ELIZA FOWLER HAYWOOD
Eliza Fowler Haywood (1693–1756).
The Female Spectator. Volume 1.
Dublin: Printed for George and Alexander Ewing, 1746.
Eliza Fowler Haywood was an actress, essayist, and prolific novelist. Although many details of her biography remain uncertain, by 1715 she was working as an actress under the name “Mrs. Haywood.” In 1719 she published Love in Excess, the first of numerous immensely popular works of amatory fiction in which innocent female characters fell prey to domineering, lustful men. She wrote The Anti-Pamela; or Feign’d Innocence Detected in 1741 as a satirical response to Samuel Richardson’s moralizing best-seller Pamela, or, Virtue Rewarded (1740). Her later novels revealed a more mature outlook on women’s roles in society and recognized the fulfillment that women could find in marriage. Long forgotten, her writings have earned recent critical acclaim.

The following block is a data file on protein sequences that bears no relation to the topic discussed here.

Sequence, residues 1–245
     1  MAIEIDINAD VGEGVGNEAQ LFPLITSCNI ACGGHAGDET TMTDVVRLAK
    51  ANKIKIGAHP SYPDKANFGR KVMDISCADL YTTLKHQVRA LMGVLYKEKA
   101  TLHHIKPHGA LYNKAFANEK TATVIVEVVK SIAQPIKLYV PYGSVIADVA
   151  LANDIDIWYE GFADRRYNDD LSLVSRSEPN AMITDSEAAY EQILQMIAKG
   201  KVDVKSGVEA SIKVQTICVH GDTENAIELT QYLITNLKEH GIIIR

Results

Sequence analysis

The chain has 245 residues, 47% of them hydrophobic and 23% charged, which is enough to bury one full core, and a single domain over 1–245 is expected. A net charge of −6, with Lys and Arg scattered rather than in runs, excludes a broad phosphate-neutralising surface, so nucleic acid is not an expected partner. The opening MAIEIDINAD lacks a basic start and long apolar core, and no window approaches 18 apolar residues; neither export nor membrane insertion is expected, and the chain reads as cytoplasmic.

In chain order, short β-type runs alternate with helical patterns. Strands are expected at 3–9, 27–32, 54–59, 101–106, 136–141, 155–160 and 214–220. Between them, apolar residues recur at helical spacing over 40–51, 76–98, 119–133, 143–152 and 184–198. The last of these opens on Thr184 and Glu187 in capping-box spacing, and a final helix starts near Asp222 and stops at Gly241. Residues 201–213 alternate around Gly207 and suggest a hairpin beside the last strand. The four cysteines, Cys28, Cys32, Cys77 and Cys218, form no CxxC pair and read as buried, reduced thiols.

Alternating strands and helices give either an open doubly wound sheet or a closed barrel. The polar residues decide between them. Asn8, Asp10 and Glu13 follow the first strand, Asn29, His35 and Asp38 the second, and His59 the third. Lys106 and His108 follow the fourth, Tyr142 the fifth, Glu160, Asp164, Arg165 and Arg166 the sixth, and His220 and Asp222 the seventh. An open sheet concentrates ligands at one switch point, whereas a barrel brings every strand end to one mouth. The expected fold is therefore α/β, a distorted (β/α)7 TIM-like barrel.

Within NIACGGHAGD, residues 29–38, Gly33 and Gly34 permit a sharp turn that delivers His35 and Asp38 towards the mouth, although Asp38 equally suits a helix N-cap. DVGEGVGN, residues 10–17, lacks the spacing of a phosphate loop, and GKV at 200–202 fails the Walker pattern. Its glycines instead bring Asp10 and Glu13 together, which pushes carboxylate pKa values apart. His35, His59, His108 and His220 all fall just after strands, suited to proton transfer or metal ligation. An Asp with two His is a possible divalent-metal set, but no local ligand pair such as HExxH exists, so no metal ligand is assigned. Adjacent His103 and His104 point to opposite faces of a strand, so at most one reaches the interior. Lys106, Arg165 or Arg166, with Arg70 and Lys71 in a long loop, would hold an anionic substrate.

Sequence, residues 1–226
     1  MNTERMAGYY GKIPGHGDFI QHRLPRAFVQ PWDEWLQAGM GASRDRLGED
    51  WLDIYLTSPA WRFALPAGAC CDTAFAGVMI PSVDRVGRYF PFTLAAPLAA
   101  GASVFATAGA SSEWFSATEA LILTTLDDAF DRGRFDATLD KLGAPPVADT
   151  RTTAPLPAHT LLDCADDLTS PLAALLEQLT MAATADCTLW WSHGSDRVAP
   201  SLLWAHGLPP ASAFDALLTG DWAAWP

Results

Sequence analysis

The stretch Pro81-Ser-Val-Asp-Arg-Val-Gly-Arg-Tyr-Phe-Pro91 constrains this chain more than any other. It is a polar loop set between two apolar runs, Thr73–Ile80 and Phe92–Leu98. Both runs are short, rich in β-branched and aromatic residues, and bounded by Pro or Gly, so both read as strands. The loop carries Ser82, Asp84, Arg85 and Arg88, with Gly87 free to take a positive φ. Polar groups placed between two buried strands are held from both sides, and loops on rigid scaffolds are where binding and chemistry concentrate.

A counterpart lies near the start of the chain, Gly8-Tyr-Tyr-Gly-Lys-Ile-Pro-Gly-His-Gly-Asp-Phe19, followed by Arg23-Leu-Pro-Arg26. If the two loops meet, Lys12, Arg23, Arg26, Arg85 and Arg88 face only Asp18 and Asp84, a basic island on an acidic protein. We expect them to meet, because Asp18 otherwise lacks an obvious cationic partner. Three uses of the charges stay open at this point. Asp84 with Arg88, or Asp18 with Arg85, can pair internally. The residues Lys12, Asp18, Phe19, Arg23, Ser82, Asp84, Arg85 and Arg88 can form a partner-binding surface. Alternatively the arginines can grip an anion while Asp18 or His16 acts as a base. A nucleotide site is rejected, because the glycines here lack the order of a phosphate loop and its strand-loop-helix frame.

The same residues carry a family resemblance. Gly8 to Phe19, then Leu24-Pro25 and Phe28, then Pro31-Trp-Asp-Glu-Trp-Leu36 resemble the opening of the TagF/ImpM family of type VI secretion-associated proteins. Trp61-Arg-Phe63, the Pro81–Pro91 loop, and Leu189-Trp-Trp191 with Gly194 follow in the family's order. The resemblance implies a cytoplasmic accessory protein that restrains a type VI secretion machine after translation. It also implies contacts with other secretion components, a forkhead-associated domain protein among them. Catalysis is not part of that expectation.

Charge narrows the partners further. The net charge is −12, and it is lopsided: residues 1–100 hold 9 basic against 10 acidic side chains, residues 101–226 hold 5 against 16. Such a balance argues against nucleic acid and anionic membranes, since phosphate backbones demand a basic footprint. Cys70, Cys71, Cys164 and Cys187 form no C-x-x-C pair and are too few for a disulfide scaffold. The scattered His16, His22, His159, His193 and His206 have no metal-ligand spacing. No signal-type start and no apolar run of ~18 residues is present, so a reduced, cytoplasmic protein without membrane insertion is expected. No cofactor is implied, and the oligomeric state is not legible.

One of Haywood’s most influential publications was The Female Spectator (1744-1746), the first periodical for women that was written by a woman. In this work she adopted the identities of four “contributors”: the Female Spectator, the happily-married Mira, the accomplished Euphrosine, and the Widow of Quality. These four personalities are depicted in the exhibited frontispiece to the first volume. The essays cover a wide variety of women’s issues, ranging from beauty secrets and satires of social manners to serious advice concerning the loss of a husband or child.
Listen as curator Dr. Eric White talks about Eliza Fowler Haywood during a tour.